Steve Pless, MOH

I had the privilege of meeting Steve’s mother Nancy, GySgt Leroy N. Poulson (Navy Cross) and LCpl John G. Phelps (Navy Cross) in 2004. They are American Heros and I am honoroed to have spent a little time with them.

VMO-6 (Marine Observation Squadron Six)

Statement of Captain Stephen W. PLESS, 079156, USMC, Pilot, Medal Of Honor

On 19 August 1967, I was assigned as escort for the afternoon medical evacuation mission. Initially at 1220, we were launched into the Cochise II operational area. During a pick up from Nui Loc Son, the H-34 sustained damage to his tail wheel, so upon completion of our missions we returned to Ky Ha to exchange aircraft. As the Med-Evac crew was switching aircraft, we received an emergency Med-Evac in an unsecure landing zone in the ROK Marine operational area. Rather than wait for the H-34, I decided to proceed to the zone independently and have it secured for his arrival.

As I approached the Med-Evac zone, I heard a transmission on “Guard” channel: “My aircraft is all shot up and I have a lot of wounded aboard. I’m going to try to make it to Duc Pho.” Then after a pause: “I still have four men on the ground, the V.C. are trying to take them prisoners or ; God, can somebody help them.” At this time I directed my co-pilot, Captain FAIRFIELD, to check on the emergency Med-Evac on F.M. and see if it could wait. I continued to fly toward the distress area and monitor the U.H.F. Captain FAIRFIELD said the Med-Evac was a priority, the landing zone was secure, and it could wait. In the meantime, from the radio transmissions, I knew that there were four Americans on the beach one mile north of the mouth of the Song Tra Khuc River, that they were under attack by mortars and automatic weapons, and that a CH-47 had been driven off by severe automatic weapons fire. There were three (3) jets overhead and four (4) UH-1Es orbiting about a mile to sea. None of these aircraft could get in close enough to the four besieged Americans due to the mortar fire and severe automatic weapons fire. The Army UH-1Es were endeavoring to locate the source of the mortar fire, get a reaction force launched, and get everyone organized. I had made two transmissions offering to help, but had received no reply. Since the other aircraft seemed reluctant to aid the downed men and unable to get organized, I decided to go in alone and hoped they would follow me and help me.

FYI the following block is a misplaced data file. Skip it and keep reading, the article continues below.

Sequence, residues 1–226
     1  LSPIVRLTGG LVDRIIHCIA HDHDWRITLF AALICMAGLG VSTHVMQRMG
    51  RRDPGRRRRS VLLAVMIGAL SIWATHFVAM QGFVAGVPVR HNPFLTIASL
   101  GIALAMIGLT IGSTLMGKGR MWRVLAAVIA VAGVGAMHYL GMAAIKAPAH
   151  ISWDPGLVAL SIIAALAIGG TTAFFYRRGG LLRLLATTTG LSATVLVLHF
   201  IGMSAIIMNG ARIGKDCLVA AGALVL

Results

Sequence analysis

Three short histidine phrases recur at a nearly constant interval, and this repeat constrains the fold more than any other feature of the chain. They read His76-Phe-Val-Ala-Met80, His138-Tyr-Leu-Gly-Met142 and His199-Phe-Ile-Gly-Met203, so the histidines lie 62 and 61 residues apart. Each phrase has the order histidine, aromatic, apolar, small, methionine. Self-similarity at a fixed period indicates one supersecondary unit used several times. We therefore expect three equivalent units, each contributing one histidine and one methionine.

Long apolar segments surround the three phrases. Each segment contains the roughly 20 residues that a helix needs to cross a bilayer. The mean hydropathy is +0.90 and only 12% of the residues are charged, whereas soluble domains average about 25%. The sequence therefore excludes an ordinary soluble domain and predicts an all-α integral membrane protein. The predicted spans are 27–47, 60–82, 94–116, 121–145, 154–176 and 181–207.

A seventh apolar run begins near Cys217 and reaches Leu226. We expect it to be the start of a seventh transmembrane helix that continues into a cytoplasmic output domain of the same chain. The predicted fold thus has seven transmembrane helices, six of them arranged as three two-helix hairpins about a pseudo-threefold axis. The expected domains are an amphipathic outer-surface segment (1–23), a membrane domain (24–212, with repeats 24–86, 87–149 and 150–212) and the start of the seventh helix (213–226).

My crew all knew the situation and were all aware that we had very little chance of survival. Yet, when I asked them if anyone objected to a rescue attempt, it was a unanimous and emphatic “Go.”

I could see the mortars exploding on the beach and headed for the area. Then, the mortars quit and I saw a large group of people swarm the beach from a tree line about 100 meters from the beach. I made a pass directly over the top of the people at fifty feet of altitude and observed four Americans on the beach. A V.C. was standing over one man crushing his head with a rifle stock, and people seemed to be in the process of butchering the other men. I ordered the door gunner, Gunnery Sergeant POULSON, to open fire on the people. The crew chief, Lance Corporal PHELPS, thinking that I had not seen the Americans, yelled “Don’t fire”; I told him to “shut up”, and the gunner kept firing. I pulled the aircraft into a hard climb, switching my armament panel to pods as I did so. A hard wingover put me into a firing position just aft of the mob which had started running for the trees. I could now determine that they were all males, armed, and a few of them had on khaki, or green uniforms. I hit in the center of the retreating mob with all fourteen rockets. Several of the V.C. turned to fire at us, but most of them were in full flight. Although the trees were obscured by smoke and debris, I made a number of gun runs into the smoke, praying that I would not hit a tree. Some of the V.C. ran out of the smoke area, and I shot at point blank range, firing from so low that my own ordnance was spraying mud on the windshield. As I pulled off of one run, I spotted one of the men on the beach waving his arm. I threw the aircraft into a side flare, continually firing at the V.C. in the tree line as I lowered the aircraft to a landing.